Wednesday, February 21, 2007

When No Means No But It Should Mean Yes

I got an email today from an aspiring writer who happened upon In Between Men and loved it.

She asked if I ever got used to the rejections - apparently she read my story about how I almost didn't become an author. She wanted to know because her fear of "no" kept her from sitting down to write.

Unfortunately, yes, I have gotten used to people saying no. In fact, I'm slightly surprised when I get a yes!

It all began when I was in the School for Creative and Performing Arts at Chula Vista High School. We had to audition for every play and I sucked so bad that I always ended up as walking and talking scenery. But it never stopped me from trying for the roles with lines.

I finally got it but I only had one line and the nerves before each performance nearly killed me.

When I took my first screenwriting class, we had to pitch three ideas to the group and they decided which one you would write. I had do it again because the first three - none of which, thankfully, I can remember - wouldn't fly with the class.

It's not so much that I have this tough-as-rawhide skin. My writing teacher, Ben Masselink once told me, "The writer's skin has to be thick enough to withstand criticism but thin enough to take in the world around him."

Rather, I've learned not to take it personally and if a "no" stings, then there's a lesson in it somewhere. Either my idea doesn't have legs or it needs time to develop a pair; or its a matter of wrong person, wrong project, wrong time. When its the later, saying no to me is like waving a red flag in front of a bull. I'll take the hits but somehow, some way, I'll find the person who will say yes.

Have you had to keep going in spite of getting a no? Did you ever have to give up and change direction?

I wanna know!



Erica Orloff said...

I was once fired from a bank job (a brief stint, where I went to take a break from the abysmally low pay of working in publishing). I was in human resources, working for a BEAST of a woman, and a pinhead of a man--both executive VPs. The woman, I am fairly sure, was screwing her boss and it was a dysfunctional, sick, emotionally abusive place. When I was fired, it was because "I was too smart for my position and appeared bored." I was devastated. As a Type-A overachiever, this was AWFUL. Until my dad, in all his wisdom, said, "You're upset you got fired from a BANK? A soul-sucking 9 to 5 job? Get over it. It's the best thing that ever happened to you. Take it as an HONOR they fired you. Means you rattled some cages." It was the first time someone ever showed me to look at adversity in a totally radical way. Changed my life.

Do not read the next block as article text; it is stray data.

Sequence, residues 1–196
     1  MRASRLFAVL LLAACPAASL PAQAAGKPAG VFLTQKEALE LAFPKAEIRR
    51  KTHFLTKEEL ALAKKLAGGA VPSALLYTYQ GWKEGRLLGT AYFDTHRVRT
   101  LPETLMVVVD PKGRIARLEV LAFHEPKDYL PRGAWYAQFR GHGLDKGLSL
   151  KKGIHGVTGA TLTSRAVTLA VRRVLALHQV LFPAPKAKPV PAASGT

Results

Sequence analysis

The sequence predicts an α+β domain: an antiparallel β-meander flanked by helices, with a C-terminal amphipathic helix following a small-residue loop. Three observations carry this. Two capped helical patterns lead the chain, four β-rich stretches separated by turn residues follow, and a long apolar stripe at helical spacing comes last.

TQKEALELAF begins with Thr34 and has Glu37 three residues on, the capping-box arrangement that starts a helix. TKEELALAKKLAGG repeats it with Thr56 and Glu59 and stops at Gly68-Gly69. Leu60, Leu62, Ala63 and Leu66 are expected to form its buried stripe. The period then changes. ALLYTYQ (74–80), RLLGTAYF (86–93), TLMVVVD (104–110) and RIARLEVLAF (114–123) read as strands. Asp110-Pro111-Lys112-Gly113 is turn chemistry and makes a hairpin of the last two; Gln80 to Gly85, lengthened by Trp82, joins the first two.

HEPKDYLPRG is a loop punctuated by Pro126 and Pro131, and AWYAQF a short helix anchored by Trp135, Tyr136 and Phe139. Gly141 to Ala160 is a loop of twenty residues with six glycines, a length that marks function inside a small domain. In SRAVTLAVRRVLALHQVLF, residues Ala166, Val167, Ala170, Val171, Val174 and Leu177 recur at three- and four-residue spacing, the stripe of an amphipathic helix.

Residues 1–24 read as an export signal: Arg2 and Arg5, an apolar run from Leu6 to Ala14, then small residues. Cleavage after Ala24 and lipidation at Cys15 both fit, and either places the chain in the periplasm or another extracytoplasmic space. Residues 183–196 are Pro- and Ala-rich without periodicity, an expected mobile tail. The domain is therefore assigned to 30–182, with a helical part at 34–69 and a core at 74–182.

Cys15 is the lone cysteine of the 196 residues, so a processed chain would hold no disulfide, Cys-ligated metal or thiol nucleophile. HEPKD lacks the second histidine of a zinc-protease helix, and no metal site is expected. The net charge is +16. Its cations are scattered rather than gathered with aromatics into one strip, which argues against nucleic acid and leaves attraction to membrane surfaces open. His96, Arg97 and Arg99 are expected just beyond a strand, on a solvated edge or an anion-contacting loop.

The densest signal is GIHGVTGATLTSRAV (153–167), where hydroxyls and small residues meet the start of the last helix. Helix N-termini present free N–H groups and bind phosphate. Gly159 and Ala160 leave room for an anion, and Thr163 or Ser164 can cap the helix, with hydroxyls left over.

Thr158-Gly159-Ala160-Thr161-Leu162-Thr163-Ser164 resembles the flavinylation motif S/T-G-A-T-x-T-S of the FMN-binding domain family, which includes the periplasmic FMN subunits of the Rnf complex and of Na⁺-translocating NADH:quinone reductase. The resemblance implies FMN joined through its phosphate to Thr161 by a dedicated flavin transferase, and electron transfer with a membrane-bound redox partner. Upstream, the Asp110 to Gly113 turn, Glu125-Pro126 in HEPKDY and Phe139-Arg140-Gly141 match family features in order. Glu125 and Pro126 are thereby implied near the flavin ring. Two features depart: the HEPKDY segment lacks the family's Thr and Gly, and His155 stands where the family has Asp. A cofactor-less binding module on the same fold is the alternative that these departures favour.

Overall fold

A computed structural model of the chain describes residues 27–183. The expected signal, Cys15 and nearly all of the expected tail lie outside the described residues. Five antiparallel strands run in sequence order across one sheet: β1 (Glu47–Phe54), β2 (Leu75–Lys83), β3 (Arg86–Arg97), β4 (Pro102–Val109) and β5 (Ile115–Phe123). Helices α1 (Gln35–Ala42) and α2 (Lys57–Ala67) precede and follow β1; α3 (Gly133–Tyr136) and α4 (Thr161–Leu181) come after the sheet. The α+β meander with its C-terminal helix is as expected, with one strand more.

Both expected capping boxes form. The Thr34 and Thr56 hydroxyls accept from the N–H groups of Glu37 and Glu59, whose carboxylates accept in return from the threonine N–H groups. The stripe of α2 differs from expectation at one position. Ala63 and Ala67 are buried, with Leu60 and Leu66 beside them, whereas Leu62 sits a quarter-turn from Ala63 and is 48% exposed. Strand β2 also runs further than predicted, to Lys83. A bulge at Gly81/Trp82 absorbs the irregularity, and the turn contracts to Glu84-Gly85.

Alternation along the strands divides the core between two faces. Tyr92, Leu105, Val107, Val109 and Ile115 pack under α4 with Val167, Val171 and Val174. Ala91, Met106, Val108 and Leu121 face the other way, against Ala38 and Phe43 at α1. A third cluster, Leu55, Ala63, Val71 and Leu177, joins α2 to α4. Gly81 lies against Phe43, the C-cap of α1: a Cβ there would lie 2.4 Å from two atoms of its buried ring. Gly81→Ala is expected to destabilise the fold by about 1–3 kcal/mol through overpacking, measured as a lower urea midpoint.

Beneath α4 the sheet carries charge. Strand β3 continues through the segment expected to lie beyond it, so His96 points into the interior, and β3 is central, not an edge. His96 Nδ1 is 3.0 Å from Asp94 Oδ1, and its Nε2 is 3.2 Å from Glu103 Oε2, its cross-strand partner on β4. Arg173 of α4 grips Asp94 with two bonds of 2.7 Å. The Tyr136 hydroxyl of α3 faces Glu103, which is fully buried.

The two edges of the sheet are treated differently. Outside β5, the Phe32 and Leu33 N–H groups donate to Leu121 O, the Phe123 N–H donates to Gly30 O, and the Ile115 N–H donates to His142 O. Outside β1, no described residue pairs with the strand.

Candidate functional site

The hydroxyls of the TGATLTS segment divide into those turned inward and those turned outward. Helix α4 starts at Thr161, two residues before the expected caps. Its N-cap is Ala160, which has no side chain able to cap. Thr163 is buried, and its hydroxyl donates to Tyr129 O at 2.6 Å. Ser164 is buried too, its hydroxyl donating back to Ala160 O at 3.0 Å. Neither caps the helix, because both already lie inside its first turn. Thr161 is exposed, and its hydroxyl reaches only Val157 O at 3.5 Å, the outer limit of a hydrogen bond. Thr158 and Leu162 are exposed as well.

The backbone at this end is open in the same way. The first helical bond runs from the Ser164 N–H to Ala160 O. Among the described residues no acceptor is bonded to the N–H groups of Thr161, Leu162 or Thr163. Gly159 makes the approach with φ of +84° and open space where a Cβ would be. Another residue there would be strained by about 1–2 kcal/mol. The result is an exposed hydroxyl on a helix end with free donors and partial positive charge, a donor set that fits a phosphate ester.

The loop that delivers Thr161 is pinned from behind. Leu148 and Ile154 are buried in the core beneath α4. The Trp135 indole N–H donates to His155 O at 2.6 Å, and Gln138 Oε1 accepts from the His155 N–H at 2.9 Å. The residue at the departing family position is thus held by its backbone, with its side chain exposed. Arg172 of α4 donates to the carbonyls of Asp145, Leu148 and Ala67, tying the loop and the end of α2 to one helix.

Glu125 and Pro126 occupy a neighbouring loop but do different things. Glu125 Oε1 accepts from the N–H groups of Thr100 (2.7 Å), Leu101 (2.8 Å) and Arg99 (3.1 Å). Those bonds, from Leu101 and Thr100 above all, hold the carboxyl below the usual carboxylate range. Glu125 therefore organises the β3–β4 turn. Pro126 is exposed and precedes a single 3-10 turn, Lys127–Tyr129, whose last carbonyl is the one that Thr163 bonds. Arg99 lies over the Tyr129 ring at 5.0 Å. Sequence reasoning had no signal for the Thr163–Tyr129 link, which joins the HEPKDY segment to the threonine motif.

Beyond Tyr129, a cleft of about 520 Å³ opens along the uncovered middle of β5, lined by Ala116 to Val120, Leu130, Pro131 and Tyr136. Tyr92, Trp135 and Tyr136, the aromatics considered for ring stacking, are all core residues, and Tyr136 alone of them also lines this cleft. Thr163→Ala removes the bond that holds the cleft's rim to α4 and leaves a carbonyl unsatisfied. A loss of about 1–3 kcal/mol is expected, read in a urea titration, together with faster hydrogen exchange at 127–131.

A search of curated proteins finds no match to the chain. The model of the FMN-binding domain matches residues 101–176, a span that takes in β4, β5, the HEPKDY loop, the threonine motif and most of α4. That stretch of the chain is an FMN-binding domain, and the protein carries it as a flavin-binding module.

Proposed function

Dana Diamond said...

I never take it personally either.

Much as I would love me and my work to be universally accepted, I know it's just not gonna happen.

The diversity that makes things fun and different is the same diversity that makes it possible for a world where someone actually may not enjoy what I do. (Gasp!)

WhatEVER. I must hunt them down and...

Ahem! (Smoothing my hair.)

Diversity is good.


:) d

Unknown said...

When I read your comment Erica, my first thought was: what the hell she was doing in a bank?!? I guess life has a way of opening our eyes!

Dana, you have such a way with writing that I can always hear your voice in my head!


Erica Orloff said...

LOL! I had been at Simon & Schuster, as a lowly editor starting out, making PEANUTS. Not enough to pay rent on anything but a cockroach-infested place in Jersey City with crack vials in the alleyway. Yeah, you don't work in publishing starting out to make money. And I got almost three times my salary at the bank. But it was SOUL SUCKING!


Jennifer said...

Mary this is a great blog! You said it better than I could. I was rejected for eight years. I tried to give up many times, but I couldn't stop writing.

You know that phrase "fire in the belly?" I had, and still have that. I worked my but off to improve, and I stillstrive to be a better writer.

The "yes's" tend to surprise me too, LOL! Although I've had rejections that still surprise me too.

That's life. It should be a surprised sometimes!

Unknown said...

Hey Jen!

I know that "fire in the belly" feeling and it's a feeling that I still haven't lost.

That might be a future blog post some day...